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Identical Twins

monozygotic; twins who develop from a single fertilized egg that splits in two, creating two genetically identical organisms

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Fraternal Twins

dizygotic; twins who develop form separate fertilized eggs. They are genetically no closer than brothers and sisters, but they share a fetal environment

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Bouchard's Twin Studies

Separated twins share similarities

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Autonomic nervous system

The part of the peripheral nervous system that controls the glands and the muscles of the internal organs (such as the heart). It's sympathetic division arouses; it's parasympathetic division calms

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Genes

The biochemical units of heredity that make up the chromosomes; segments of DNA capable of synthesizing proteins

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Glial cells

Cells in the nervous system that support, nourish, and protects neurons; they may also play a role in learning and thinking

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Behavior genetics

The study of the relative power and limits of genetic and environmental influences in behavior

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Chromosomes

Threadlike structures made of DNA molecules that contain the genes

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CT (computed tomography) scan

A series of X-Ray photographs taken from different angles and combined by computer into a composite representation of a slice of the brain's structure

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Electroencephalogram (EEG)

An amplified recording of the waves of electrical activity sweeping across the brain's surface. These waves are measured by electrodes placed on the scalp

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Endorphins

"Morphine within" - natural, opiate-like neurotransmitters linked to pain control and to pleasure

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fMRI (functional MRI)

A technique doe revealing blood flow and, therefore, brain activity by comparing successive MRI scans. fMRI scans show brain function as well as it's structure

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Sympathetic nervous system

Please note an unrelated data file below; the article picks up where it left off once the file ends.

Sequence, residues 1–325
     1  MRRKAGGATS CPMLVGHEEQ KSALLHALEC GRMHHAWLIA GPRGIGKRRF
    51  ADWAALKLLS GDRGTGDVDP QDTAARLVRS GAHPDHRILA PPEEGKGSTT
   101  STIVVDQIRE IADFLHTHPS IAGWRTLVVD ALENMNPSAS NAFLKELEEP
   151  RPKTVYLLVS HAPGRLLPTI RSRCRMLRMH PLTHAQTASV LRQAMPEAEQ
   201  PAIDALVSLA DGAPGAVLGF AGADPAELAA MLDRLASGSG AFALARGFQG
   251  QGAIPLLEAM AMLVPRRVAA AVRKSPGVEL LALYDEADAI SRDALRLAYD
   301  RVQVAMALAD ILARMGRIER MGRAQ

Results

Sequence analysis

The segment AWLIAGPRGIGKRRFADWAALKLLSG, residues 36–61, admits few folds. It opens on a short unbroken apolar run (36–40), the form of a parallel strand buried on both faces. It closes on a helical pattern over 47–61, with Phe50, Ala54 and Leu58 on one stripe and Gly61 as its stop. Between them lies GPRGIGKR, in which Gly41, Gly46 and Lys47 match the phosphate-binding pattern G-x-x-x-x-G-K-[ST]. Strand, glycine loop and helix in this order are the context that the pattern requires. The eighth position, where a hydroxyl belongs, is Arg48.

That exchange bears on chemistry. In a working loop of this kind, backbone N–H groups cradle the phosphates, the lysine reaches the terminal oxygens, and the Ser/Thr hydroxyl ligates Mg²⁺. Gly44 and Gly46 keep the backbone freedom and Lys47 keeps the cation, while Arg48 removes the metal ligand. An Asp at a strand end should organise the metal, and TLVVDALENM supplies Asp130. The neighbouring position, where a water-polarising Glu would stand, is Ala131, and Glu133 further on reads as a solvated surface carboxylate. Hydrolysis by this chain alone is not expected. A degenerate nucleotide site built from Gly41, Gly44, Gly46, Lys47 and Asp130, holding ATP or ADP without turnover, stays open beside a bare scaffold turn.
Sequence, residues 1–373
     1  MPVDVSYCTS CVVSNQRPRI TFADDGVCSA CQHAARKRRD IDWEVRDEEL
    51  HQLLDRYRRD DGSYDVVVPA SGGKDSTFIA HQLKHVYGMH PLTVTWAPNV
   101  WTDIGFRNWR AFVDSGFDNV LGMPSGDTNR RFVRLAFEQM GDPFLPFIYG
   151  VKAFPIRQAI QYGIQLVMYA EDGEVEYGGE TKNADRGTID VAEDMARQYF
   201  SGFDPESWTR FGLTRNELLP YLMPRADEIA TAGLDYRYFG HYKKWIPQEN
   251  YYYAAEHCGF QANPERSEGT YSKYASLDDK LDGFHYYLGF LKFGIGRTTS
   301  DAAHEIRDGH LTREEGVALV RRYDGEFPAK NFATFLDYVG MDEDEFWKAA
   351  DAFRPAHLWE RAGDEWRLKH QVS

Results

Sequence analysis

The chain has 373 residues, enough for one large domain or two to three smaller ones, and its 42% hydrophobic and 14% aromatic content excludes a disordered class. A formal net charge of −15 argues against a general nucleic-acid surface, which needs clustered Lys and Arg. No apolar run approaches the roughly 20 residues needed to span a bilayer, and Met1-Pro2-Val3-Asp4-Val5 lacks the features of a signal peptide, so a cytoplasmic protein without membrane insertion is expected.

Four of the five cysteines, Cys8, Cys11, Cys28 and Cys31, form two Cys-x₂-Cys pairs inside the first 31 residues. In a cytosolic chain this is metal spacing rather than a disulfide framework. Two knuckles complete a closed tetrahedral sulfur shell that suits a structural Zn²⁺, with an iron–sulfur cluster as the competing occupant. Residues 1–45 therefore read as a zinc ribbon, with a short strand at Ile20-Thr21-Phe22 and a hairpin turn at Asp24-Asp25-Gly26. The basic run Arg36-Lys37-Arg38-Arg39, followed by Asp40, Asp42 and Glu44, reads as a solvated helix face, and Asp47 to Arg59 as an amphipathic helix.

The division do the autonomic nervous system that arouses the body, mobilizing its energy in stressful situations

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Parasympathetic nervous system

The division of the autonomic nervous system that calms the body, conserving its energy

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Homeostasis

A tendency to maintain a balanced or constant internal state; the regulation of any aspect of body chemistry, such as blood glucose, around a particular level

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Somatic nervous system

The division of the peripheral nervous system that controls the body's skeletal muscles

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Medulla

The base of the brainstorm; controls heartbeat and breathing

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PET (position emission tomography) scan

A visual display of brain activity that detects where a radioactive form of glucose goes while the brain performs a give task

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MRI (magnetic resonance imaging)

A technique that uses magnetic fields and radio waves to produce computer-generated images of soft tissue. MRI scans show brain anatomy

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Parietal lobes

Portion of the cerebral cortex lying at the top of the head and toward the rear; receives sensory input for touch and body position

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Hippocampus

A neural center located in the limbic system; helps process explicit memories for stories

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Interneurons

Neurons within the brain and spin cord that communicate internally and intervene between the sensory inputs and motor outputs

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Natural selection

The principle that, among the rand of inherited trait variations, those contributing to reproduction and survival will most likely be passed on to succeeding generations

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Identical twins (monozygotic twins)

Twins who develop from a single fertilized egg that splits in two, creating two genetically identical organisms